Regarding this, Rath said, “In fact, the basic regional unit Vinoj and colleagues use (in common with many other workers across the world) for comparisons here is a political entity: in this case, the individual states of the union (or at least, those with substantial population densities). But this means that the demographic and socio-political features (which the authors allude to in the quote above) are almost guaranteed to be different, increasing the chances of confounding the analysis. It also means that major within-state variations in the parameters being studied are ignored. As a result, sadly, the causality claims being made tend towards being more likely to be fallacies rather than being potentially interesting speculations. Further, the correlations being reported are quite modest, with only peripheral implications for policy-making, if we keep in mind the fact that the purpose of public policy is to limit the rate of spread of the infection.”
Besides, several other critical issues need a careful investigation. Firstly, the study is overpowered by statistical analysis and little attention has been given to the virus physiology and its spread behaviour. The observed decrease in cases may be ascertained to other physiological factors and genetics of the virus as well. Moreover, the period that the study considers, April 20 to June 5, could also have some impact on the observed results. Till early May, there was a countrywide lockdown, which could have helped in decreasing the number of infections in April-May.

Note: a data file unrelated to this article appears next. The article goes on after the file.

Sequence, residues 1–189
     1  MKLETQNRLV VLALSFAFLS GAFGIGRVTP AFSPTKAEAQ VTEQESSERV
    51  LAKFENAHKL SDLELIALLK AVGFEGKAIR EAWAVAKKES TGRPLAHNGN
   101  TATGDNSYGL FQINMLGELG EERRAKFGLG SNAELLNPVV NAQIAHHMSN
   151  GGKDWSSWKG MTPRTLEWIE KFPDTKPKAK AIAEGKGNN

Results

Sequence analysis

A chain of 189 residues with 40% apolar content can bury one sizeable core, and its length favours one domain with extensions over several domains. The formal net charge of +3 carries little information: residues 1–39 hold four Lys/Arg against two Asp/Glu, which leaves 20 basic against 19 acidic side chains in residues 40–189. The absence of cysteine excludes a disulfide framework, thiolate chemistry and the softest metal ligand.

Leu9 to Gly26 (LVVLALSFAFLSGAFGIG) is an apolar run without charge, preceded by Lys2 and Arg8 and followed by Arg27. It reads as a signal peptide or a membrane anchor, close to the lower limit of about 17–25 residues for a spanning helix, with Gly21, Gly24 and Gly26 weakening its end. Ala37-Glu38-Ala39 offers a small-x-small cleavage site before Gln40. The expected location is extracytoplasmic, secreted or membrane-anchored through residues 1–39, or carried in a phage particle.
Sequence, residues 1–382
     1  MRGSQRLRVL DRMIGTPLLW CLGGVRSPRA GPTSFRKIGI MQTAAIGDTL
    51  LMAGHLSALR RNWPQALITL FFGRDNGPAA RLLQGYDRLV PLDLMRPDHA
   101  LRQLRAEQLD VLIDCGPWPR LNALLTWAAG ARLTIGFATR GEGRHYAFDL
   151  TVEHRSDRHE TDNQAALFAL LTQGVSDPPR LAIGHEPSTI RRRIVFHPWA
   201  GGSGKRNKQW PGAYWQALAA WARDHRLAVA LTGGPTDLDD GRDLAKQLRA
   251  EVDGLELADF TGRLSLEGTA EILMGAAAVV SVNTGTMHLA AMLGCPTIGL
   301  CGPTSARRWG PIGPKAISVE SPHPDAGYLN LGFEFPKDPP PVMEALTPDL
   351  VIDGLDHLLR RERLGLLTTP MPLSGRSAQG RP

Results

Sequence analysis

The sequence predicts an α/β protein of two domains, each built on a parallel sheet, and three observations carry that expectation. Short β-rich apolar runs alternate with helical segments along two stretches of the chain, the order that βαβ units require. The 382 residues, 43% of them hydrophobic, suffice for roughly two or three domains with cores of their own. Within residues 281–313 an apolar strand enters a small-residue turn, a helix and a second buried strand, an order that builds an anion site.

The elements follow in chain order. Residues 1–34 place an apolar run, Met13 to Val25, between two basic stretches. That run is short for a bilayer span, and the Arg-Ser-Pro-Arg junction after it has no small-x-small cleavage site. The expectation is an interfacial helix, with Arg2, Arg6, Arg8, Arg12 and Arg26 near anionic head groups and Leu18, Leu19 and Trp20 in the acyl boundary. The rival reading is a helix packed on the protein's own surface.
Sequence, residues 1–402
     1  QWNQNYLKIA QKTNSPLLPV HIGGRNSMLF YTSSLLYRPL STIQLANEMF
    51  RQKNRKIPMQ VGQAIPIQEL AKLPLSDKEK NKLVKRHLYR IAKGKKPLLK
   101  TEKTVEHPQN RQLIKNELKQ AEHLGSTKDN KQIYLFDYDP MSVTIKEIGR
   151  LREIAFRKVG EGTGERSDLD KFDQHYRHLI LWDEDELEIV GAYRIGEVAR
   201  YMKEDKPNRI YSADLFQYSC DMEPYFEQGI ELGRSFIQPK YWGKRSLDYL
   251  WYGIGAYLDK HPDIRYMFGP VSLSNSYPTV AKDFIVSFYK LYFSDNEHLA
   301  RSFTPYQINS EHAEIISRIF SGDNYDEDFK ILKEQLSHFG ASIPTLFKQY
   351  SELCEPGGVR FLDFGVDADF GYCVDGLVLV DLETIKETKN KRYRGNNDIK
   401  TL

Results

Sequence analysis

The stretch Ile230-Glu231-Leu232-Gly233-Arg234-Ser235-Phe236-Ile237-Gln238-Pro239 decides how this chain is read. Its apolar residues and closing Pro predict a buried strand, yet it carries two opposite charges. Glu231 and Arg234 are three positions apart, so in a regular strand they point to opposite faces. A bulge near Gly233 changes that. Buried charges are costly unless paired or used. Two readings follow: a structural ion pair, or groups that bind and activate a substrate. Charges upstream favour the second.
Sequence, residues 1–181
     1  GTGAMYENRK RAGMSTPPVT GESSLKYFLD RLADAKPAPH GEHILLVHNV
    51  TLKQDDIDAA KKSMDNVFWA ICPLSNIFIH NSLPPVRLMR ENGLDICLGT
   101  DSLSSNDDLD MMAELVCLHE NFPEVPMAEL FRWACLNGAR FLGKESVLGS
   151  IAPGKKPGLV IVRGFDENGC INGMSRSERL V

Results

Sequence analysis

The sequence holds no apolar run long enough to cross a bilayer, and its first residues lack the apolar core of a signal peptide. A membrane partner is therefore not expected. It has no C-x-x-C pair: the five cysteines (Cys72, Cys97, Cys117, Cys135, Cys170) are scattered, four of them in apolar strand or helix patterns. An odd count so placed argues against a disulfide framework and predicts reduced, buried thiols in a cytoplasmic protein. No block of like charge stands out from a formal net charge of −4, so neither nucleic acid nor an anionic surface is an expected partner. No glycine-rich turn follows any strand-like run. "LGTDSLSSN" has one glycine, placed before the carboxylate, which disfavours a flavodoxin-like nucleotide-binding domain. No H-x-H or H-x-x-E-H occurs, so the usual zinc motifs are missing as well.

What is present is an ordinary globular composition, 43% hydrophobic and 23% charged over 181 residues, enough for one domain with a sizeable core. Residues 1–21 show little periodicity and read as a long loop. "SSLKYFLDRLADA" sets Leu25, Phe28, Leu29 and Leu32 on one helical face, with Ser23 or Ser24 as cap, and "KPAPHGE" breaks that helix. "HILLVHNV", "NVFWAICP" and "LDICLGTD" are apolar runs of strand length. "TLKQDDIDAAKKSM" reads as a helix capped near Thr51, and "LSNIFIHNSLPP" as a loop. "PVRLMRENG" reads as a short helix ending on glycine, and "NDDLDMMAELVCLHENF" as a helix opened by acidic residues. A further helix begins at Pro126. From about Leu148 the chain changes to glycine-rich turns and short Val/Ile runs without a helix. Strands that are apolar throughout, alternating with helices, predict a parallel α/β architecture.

Secondly, In India itself, the rise in COVID-19 cases is apparently not directly correlated to temperature and other weather factors. For example, in Assam, July and August are the months when summer peaks, not in May or June. But Assam is witnessing a massive surge now.
Thirdly, the virus is not restricted to India alone. In some European countries, the terrible peak was in February-March. But after suspending the lockdown, many countries have witnessed a resurgence of cases. despite higher temperatures; for example, in Germany.
Regarding the humidity and the viral spread, we need to consider why some viruses like influenza peak in winter when the humidity is decreased and remain inactive in summer when humidity increases. This is due to the presence of an additional outer coating present in some viruses called ‘the envelope’. The enveloped viruses are fragile in adverse conditions. The coronavirus causing the COVID-19 pandemic is also an enveloped virus and going by the logic of humidity adversely affecting enveloped viruses, the novel coronavirus should also have remained inactive in the summers. But this did not happen.
In this context, NewsClick sent a questionnaire to the authors of the study, but did not get a response.
What is worrisome more than the study itself is the way it has been highlighted by the media. This can enable the governments to put the onus on the weather, undermining human intervention. However, we have witnessed that where systematic and extensive human intervention is present, the spread of the disease is controllable. A policy failure makes the situation worse.